20 Jul The Price of Pollution: Tax as a Flexible Green Policy Tool in ASEAN
ASEAN’s economy is expected to grow at an estimated 5.1 percent annually, but its energy demand and greenhouse gas (GHG) emissions will also increase by 67 percent by 2030.
To counteract this trend, in December 2017, the Philippines ratified a coal tax in December 2017, after 40 years of subsidies. The coal tax was championed by Senate Finance and Climate Change Committee Chairwoman Senator Loren Legarda.
Singapore has meanwhile opted for a broader carbon tax on GHG emitters, starting in 2019. Speaking at our 5th Singapore Dialogue on Sustainable World Resources (SDSWR) in May, Senator Legarda praised Singapore’s carbon tax, and said it should serve as an example for other ASEAN countries.
These pioneering tax laws reflect growing ESG (environmental, social and governance) considerations in public policy.
Though the Philippines’ coal tax and Singapore’s carbon tax seem cursorily similar, nuanced differences do exist. What are they, and what takeaways might there be for other ASEAN countries looking to taxation as a green policy tool?
Tax consumers or producers?
The trickle-down effect of Singapore’s blanket carbon tax to consumers is comparatively greater than the Philippines’ coal tax. The average Singaporean household expects 2.1 to 4.3 percent increase in electricity bills post-tax. The Philippines? Merely 0.17 percent.
This is because the Philippines tax incisively targets operational – and not fuel – costs of electricity producers. Furthermore, all price hikes are subject to the Energy Regulatory Commission (ERC)’s approval. Singapore’s is far less targeted.
Higher consumer impact might incentivise Singaporeans to save electricity, disproportionately reducing emissions due to suboptimal energy conversion efficiency.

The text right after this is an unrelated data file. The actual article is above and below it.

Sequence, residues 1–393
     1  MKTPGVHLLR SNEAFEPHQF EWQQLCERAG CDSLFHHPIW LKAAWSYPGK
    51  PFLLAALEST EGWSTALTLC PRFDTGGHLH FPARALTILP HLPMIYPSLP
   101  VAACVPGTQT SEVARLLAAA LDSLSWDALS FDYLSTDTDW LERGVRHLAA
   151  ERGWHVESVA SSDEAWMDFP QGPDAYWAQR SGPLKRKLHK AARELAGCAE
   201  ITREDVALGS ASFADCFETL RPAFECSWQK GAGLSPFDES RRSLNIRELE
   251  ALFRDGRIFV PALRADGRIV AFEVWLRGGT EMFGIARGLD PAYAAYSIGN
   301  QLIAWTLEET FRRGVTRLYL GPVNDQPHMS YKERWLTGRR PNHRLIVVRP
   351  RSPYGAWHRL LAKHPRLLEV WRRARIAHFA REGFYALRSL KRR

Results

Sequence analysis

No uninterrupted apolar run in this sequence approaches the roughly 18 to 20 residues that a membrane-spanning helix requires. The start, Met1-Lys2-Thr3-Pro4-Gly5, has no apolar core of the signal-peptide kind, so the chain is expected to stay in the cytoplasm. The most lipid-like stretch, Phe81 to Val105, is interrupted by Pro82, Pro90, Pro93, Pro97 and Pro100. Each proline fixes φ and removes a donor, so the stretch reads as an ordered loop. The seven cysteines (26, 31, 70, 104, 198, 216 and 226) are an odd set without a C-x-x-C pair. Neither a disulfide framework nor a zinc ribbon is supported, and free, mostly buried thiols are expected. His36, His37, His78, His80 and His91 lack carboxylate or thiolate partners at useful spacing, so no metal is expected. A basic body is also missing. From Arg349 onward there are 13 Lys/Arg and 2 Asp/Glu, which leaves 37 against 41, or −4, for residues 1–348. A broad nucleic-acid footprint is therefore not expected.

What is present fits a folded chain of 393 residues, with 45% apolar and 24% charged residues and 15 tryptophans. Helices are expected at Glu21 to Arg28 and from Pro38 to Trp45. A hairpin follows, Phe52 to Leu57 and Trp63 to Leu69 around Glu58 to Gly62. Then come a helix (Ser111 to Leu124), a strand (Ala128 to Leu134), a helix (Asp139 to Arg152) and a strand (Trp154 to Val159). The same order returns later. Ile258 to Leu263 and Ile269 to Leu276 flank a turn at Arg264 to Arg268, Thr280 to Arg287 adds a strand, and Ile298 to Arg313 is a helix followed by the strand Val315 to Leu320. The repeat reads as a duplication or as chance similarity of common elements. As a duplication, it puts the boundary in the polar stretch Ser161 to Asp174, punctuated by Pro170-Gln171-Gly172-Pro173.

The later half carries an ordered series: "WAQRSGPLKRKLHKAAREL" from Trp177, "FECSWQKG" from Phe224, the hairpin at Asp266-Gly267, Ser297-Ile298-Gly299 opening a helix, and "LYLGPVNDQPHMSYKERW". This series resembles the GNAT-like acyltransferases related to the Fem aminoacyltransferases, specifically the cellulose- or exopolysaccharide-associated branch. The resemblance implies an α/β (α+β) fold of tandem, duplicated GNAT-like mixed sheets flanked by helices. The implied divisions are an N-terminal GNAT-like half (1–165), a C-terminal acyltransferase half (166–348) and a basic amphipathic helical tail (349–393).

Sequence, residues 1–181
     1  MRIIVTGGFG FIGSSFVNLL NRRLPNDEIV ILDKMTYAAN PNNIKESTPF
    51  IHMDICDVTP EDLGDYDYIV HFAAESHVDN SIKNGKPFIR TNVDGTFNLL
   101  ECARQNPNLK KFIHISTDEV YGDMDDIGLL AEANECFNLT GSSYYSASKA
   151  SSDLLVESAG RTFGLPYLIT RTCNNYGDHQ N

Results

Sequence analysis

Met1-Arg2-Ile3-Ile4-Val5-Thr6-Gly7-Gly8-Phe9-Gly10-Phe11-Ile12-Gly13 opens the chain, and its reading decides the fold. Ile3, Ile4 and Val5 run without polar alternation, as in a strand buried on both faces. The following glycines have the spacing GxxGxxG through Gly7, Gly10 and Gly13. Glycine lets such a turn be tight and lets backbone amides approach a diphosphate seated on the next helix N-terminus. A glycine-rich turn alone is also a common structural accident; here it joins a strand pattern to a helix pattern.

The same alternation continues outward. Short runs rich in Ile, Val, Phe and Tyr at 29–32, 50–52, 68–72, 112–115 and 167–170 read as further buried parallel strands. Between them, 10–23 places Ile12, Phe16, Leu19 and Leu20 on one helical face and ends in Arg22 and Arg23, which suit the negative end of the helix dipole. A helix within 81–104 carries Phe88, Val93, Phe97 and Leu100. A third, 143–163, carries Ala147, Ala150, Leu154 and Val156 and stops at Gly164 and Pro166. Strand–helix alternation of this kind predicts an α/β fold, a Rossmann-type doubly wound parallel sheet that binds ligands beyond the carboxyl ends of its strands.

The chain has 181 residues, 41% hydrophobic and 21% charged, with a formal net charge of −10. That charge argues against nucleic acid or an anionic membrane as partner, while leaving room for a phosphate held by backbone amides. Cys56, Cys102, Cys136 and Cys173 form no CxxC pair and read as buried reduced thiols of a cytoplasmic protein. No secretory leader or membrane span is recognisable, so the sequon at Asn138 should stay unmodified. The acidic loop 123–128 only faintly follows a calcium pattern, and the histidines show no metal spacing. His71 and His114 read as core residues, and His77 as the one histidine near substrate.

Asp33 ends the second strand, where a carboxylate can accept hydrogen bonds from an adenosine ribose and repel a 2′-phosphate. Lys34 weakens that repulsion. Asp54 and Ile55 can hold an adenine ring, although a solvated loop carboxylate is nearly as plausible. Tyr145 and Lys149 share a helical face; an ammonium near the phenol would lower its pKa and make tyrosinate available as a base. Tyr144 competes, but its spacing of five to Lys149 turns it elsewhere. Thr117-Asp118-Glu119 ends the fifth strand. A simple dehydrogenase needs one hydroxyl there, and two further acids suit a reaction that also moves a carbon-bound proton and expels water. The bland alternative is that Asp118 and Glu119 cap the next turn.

However, too high an impact on consumers will backfire. In 2008, British Columbia’s direct carbon tax resulted in consumers simply “buying their way out”, thus maintaining emissions level.
Singapore’s carbon tax sits in moderation between the Philippines and Canada in degree of burden on consumers.
Speaking at our 5th SDSWR, Indonesia National Development Planning Minister Bambang Brodjonegoro said his country is also considering a carbon tax like Singapore’s. However, ASEAN countries must consider the tax burden on consumers. They need to balance supply- and demand-side strategies, optimising target industries and taxation levels appropriate to their own economic context and price elasticity.
Coal or carbon tax?
Those eyeing taxation as a green policy tool must also decide legislative breadth, based on their countries’ energy mix, national priorities and robustness of the renewables sector.
A narrower coal tax makes sense for a country like the Philippines, where 48 percent of energy comes from coal, and combating negative externalities is a national priority. The S$2.45 billion tax revenue can be invested to subsidise and boost competitiveness of renewables, and mitigate coal-induced agricultural, public health and labor productivity costs.
Countries like Singapore, which face no urgent pollution threats, and where the energy mix is predominantly natural gas (95.2 percent), might opt for a broader, more rigorous carbon tax that also covers oil and gas to reduce emissions.
Furthermore, coal tax merely incentivises transition to “clean” high-efficiency coal and other non-renewables such as gas and oil. This is a viable “baby step” for ASEAN countries where renewables are undeveloped and underinvested. An example is coal-dependent Vietnam, where wind, solar and biomass account for only 0.4 percent of energy output.
A blanket carbon tax places pressure on non-renewables more broadly, helping renewables to grow. For Indonesia, where renewables already account for 12 percent of the energy, this is a more appropriate strategy to give renewables a necessary push.
A flexible policy tool
The flexibility and customisability of taxation do make it an attractive and effective green policy tool. However, ASEAN countries keen on leveraging taxation as a green policy tool, perhaps even in conjunction with carbon trading scheme and subsidies, must consider the consumer-producer and coal-carbon dilemmas, based on and in alignment with their national contexts.
Raising the Philippine Coal Tax Makes Economic Sense [Institute for Energy Economics and Financial Analysis, 30 Nov 2017] (PDF)
What will a coal tax hike mean for the Philippines? [Eco-business, 16 Jan 2018]
Singapore’s carbon tax: What does it entail? [The ASEAN Post, 5 Jul 2018]
The Economy-wide Impact of a Uniform Carbon Tax in ASEAN [Ditya A. Nurdianto and Budy P. Resosudarmo, Journal of Southeast Asian Economies, 2016]
The Goldilocks dilemma of Singapore’s carbon tax [Eco-business, 26 Apr 2018]
Philippines: Enhancing Resilience and Transitioning to a Low Carbon Economy [Philippines Department of Finance]